The first Granny Rule player, Ireland’s first European Cup winner was born to Irish parents in Manchester. He made his way through the youth ranks at Manchester United during the era of Busby Babes, before being thrown into the first team in the aftermath of the Munich Air Disaster. He scored two goals vs Sheffield Wednesday in United’s first game following the crash and went on to win two league titles, the FA Cup and the European Cup in 355 games for the club. At international level, he benefited from rule changes by FIFA in the early 1960’s and became the first second-generation Boy in Green when he lined out vs Spain in a 1965 World Cup playoff.
Cascarino was the subject of great controversy in 2000, when he admitted that during his Ireland career, his mother told him that she had been adopted, and that therefore he was not a blood relative of his Irish grandfather. Nevertheless, he was an undoubted success in the green jersey, scoring 19 goals in 88 appearances during Ireland’s golden era under Jack Charlton at Euro 1988 and the World Cups of 1990 & 1994.
Although he was born in Preston, Killer’s international future was never in doubt. Raised by Irish parents, he turned down a callup from the England U18 squad while at Preston North End, famously being told by then-manager Sam Allardyce to “get the f**k out of my office” upon telling him he didn’t want to play for the Three Lions. Kevin went on to become Mr. Consistency for the Boys in Green, playing 110 times for Ireland and nearly breaking the world record for most consecutive caps with 66 competitive games in a row between 1999-2011.
The man who put the ball in the English net was in fact born a Scotsman. Ray qualified for the Boys in Green through his Buncrana-born grandfather, going on to serve Ireland with distinction throughout his 73 appearances. Although he only scored 6 times for Ireland, two goals have entered Irish folklore – his looping header vs England at Euro 1988 and a 25-yard lob vs Italy at the 1994 World Cup serving as the fondest memories of those halcyon days watching the team that Jack built.
A serial captain at club level, where he led Bournemouth, Ipswich and Charlton into battle, Matty Holland was born in Bury and qualified for Ireland through his Monaghan grandmother. He famously scored Ireland’s opening goal at the 2002 World Cup vs Cameroon as Ireland reached the Round of 16.
Born in Birmingham, young Jack played for Ireland from U15 right up to U21 level, declining multiple advances from the English set-up. He affirmed his desire to play for Ireland in 2013 and again in early 2015, upon being named FAI U21 POTY. However, he declined a call-up from Martin O’Neill for a European Championship qualifier vs Scotland, subsequently declaring for England and playing for their U21s in 2016 & 2017. Although he’s yet to play for the Three Lions at senior level, his flying form at club level will surely lead to inclusion in Gareth Southgate’s squad when football is back up and running again.
Trap called up the then-Derby midfielder in May 2010, who qualified for Ireland through his maternal grandmother, who hailed from Westport in Co. Mayo. In an era of Irish football featuring midfielders such as James McCarthy, Glenn Whelan, Keith Andrews, Keith Fahey, Wes Hoolahan & Darron Gibson, Green somehow managed to win 22 caps. Following a 0-0 draw to Sweden in 2013, Trappatoni compared Paul to AC Milan legend Gennaro Gattuso. He was sacked months later. Coincidence?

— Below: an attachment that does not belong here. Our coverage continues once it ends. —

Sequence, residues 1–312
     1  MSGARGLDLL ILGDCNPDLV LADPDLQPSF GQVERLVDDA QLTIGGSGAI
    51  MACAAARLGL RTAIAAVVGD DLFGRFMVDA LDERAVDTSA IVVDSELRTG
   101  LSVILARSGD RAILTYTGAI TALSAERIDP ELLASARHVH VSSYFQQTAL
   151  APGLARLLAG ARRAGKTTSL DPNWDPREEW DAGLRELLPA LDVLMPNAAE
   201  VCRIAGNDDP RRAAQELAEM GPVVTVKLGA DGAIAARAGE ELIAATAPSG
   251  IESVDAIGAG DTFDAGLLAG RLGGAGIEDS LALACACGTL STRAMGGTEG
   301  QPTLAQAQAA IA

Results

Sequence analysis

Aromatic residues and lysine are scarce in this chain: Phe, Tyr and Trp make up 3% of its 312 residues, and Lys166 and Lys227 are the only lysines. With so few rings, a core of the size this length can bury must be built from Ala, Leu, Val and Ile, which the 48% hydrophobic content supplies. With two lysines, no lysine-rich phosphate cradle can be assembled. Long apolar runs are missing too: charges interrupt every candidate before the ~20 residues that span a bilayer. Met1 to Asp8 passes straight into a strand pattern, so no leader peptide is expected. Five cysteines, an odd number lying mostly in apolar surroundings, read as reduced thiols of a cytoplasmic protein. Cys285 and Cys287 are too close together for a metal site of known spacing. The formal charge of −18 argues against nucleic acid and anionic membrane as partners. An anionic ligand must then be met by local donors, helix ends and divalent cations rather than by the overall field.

I have a bone to pick with Martin Rowlands. The London-born midfielder won just five caps in five years from 2004-2009. His first involvement with the 2010 World Cup campaign was in our crunch home game vs Italy. Picture the scene: I am a 14 year old lad following Irish football properly for the first time. We’re 2-1 up with five minutes to go after Sean St Ledger, another Granny Rule beneficiary, scored a brilliant diving header at the far post. We just have to defend our lead. Rowlands, playing CM, just has to sit tight in front of the back four. What does he do? He gets caught way too far forward in added time and the Irish defence is torn to shreds by an Italian counter attack that ends in heartbreak after a goal by Alberto Gilardino in the dying seconds. FFS Martin.
The story of Declan Rice needs no introduction to most fans of Irish football. Born in London, Rice was eligible for the Boys in Green through his Cork grandparents. He played at underage level from U16 all the way to U21 level, and was included in the senior Ireland squad after one appearance in the Premier League in 2017. Rice went on to play three times for the senior side, in friendlies vs Turkey, France and the USA throughout 2018. Quotes from him during this period included “there’s no decision to be made – it’s always been Ireland”, “[the national anthem] brought a tear to my eye” and “If I didn’t want to play for Ireland, I wouldn’t be here”. However, in August 2018, Martin O’Neill confirmed that Rice had been dropped from the squad ahead of a Nations League fixture vs Wales that would have committed Rice to Ireland definitively, explaining “He is still deliberating. He is a young man. England have spoken to him and we’re aware of that.” After the FAI embarrassed themselves by declaring him our U21 POTY, Rice made a public statement in February 2019 committing his international future to England. All in all, the definition of a slíbhín.